The most horrific assault on journalists in contemporary times remains the Maguindanao massacre, despite the global outrage generated by the recent atrocity in Paris. More than 30 media workers on a routine coverage (the filing of a certificate of candidacy) were massacred by thugs along with a gubernatorial candidate’s representatives and next of kin. The murder of 30 journalists, done on the flimsiest of reason and in broad daylight perhaps to show the banality of evil, has not been done by mad men on any place in the planet in contemporary times.
Worse, the murderers were not done after indiscriminately shooting down the more than 50 people in that vehicle convoy.
The limp, lifeless bodies were shoved into a mass grave freshly dug by a backhoe paid for by public money. But not before the limp bodies were pummeled repeatedly by the backhoe’s lethal hoe to break every bone and mangle every body part. Between cannibals cum despots who devoured the torn body parts of political dissidents they had murdered, and the goons that carried out the massacre in Maguindanao, we can’t decide on who were more savage and deranged.
Six years into the mass murder of Filipino journalists—and in the wake of the tragedy in Paris—this question is worth asking. Why, after the feeble expression of outrage after the massacre, is the Maguindanao Massacre an almost forgotten issue? No one seems to care that the quest for justice of those orphaned by the massacre is getting nowhere. And that the current storyline of the trial has shifted from getting justice into official bribery and the usual corruption in the justice system.
Six years into the massacre, not one in Philippine society ever scribbled or uttered the words “Je suis Maguindanao! I am Maguindanao!” to show solidarity with the massacre victims. No one seems to genuinely care that a deranged and power-hungry political family can just be overtaken by the impulse, then murder dozens of people, more than 30 of them provincial journalists, and carry out that heinous act right there and then, as if mocking the civilized modern world that was supposed to govern modern civil conduct.
No one lost a good night sleep. Not the president when it happened. Not the incumbent president. Not the senators of the realm. Not those weepy talking heads (with permed hair, bloated egos and subpar IQs) who routinely wet their eyes with fake tears whenever a great tragedy takes place in our country. The murder of over 50 people, more than 30 of them journalists, was not enough to raise a level of solidarity and outrage that we have seen in the past few days after Islamic fundamentalists killed the editors and cartoonists of the satirical paper Charlie Hebdo and went on a rampage elsewhere that had killed a total of 17 people.
The political family believed to have committed the massacre in Maguindanao was able to assemble a legal team so swiftly and prepare for the defense. They even found dummies that pretended to own their luxury cars and massive real estate holdings. And in the region where they had exercised absolute political power for years, many of their fellow warlords seemed to express support for the heinous act with their total silence. See no evil, speak no evil.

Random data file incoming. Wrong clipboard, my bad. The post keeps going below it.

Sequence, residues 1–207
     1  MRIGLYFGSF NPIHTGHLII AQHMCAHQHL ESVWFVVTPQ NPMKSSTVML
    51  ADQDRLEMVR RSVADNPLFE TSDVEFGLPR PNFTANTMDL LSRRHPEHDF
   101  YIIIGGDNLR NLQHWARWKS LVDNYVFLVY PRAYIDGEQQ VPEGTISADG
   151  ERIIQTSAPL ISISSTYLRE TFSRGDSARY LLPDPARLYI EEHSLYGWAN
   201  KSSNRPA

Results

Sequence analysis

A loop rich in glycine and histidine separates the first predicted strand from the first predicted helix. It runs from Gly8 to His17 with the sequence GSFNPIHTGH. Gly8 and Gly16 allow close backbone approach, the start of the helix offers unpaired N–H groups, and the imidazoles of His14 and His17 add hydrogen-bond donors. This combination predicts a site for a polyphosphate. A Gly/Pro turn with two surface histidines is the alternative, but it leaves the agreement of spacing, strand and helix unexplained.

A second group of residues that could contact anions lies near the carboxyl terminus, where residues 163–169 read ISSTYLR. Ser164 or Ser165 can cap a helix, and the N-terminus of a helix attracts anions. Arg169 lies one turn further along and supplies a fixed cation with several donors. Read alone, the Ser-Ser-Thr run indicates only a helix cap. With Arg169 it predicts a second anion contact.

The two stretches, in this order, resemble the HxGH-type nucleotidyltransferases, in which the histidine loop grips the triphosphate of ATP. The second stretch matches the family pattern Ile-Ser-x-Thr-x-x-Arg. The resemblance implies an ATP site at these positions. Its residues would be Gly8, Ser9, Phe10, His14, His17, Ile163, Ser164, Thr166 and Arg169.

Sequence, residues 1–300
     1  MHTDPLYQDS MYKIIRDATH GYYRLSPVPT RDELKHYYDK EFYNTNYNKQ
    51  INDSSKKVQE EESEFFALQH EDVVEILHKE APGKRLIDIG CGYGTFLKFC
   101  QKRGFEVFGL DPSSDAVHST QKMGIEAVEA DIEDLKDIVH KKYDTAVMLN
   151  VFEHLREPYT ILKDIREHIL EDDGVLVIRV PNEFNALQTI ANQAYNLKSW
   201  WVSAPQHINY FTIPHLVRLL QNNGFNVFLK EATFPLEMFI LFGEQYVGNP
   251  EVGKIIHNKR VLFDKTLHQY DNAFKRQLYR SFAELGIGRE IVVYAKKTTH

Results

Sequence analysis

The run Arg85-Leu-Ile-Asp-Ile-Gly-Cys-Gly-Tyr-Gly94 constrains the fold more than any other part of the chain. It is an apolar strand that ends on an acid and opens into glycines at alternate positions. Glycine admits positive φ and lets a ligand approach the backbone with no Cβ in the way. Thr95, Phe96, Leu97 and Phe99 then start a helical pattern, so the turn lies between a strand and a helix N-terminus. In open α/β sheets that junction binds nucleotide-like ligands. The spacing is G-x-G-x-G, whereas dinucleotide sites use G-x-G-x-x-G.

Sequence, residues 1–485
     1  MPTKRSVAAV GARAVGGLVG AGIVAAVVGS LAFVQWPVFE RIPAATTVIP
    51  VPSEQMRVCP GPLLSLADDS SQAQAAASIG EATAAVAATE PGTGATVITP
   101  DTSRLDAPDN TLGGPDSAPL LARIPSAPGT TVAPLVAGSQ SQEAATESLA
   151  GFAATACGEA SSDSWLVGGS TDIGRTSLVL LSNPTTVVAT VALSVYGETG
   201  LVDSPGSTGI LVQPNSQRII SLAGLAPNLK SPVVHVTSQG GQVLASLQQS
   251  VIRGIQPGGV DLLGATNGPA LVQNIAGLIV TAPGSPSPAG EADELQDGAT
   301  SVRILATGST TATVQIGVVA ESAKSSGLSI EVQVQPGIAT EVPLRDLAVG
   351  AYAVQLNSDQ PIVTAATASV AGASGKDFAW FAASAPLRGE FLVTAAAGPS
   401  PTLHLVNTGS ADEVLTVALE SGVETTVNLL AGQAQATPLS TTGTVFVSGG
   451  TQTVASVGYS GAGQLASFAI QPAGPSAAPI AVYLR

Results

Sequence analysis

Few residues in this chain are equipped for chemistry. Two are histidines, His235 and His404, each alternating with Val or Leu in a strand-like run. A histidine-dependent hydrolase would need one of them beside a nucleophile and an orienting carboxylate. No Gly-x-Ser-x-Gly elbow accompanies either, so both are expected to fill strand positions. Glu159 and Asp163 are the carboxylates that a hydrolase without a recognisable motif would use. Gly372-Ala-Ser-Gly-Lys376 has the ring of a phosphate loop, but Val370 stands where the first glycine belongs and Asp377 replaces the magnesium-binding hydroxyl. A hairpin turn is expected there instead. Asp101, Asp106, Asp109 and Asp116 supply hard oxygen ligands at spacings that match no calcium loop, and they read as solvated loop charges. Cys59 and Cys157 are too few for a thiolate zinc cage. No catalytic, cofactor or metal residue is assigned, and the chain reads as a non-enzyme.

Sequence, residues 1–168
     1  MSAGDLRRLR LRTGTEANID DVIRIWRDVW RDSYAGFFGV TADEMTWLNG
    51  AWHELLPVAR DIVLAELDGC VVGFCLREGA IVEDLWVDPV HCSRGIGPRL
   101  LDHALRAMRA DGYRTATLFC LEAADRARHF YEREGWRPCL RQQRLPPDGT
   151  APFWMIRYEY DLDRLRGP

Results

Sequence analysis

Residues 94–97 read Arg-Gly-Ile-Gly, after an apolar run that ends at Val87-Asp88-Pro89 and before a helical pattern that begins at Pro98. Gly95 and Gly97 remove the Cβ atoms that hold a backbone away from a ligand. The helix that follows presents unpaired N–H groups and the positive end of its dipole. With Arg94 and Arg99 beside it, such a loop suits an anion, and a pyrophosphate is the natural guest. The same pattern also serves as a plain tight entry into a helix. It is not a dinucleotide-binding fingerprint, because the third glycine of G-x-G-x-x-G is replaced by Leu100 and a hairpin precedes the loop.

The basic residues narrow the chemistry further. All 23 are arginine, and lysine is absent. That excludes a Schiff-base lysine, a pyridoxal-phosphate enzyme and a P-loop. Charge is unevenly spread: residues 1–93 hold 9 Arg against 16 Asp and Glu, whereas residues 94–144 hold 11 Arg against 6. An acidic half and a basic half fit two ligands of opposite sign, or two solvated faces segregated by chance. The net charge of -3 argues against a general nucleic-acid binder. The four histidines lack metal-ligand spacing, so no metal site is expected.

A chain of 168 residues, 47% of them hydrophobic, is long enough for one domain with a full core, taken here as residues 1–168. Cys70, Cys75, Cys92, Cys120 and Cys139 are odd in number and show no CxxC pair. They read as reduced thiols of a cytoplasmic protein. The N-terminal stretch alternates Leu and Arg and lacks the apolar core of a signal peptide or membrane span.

Look at the contrast in the city that elevated the word “fraternity” into the pantheon of their most beloved words.
In Paris, with a bright blue sky cast over one of the world’s most famous cities, more than 40 presidents and prime ministers marched to protest the Charlie Hebdo killings. They joined over 1.6 million others (atheists and Christians, Muslims and Jews, leftists and political conservatives) to march in silence. There were no speeches, just the occasional singing of La Marseillaise and the hoisting of black and white signs with the words “Je suis Charlie.”
It was the first time Israeli Prime Minister Benjamin Netanyahu and President Mahmoud Abbas of the Palestinian authority marched together.
At the Golden Globe award ceremonies, the stars fell in hushed silence after actor George Clooney said that the Paris march was not about “marching in protest” but about “marching in support of an idea that we will not walk in fear.”
Indeed, why has no one in Philippine society wrote or uttered “Je suis Maguindanao?”
First is that the murdered were all provincial journalists, that condemned specie of journalism whose fate is to be occasionally murdered by paid goons. There was one such murder in Bataan a few days ago, a faceless tabloid reporter paid by the column inches. Not part of the media elite, the lavishly-paid TV talking heads, the well-connected pundits (those read by presidents he he he), the journalists in the provinces and the regions toil under the most challenging environment.
A displeased warlord can get the cheap hired killers all too willing to kill these anonymous, faceless and unheralded subset of media. Which the warlords often do without remorse. The death toll may place the Philippines on the horror list of the global media watchdogs. But what the heck. No president or national leader for that matter has lost a good night’s sleep over the murder of a promdi journalist.
Second is that outrage in the country over a horrific transgression such as the assault on journalism is short-lived. Outrage with the shelf life of NFA’s rice, we often say. After a burst of screaming headlines and the shrill commentaries, the tempers would ebb, the font sizes of the headlines would shrink. Every anniversary of the massacre, there is some phony clamor for justice. Mostly just for show and the attendant media coverage.
Okay, where is the Left here?
The Left cannot encircle the city from the countryside in an environment where the countryside is a zone of peace and prosperity. The Left can only succeed in a general environment of exploitation and mass misery. The Left’s prayer has always been this: May a thousand Ampatuans bloom.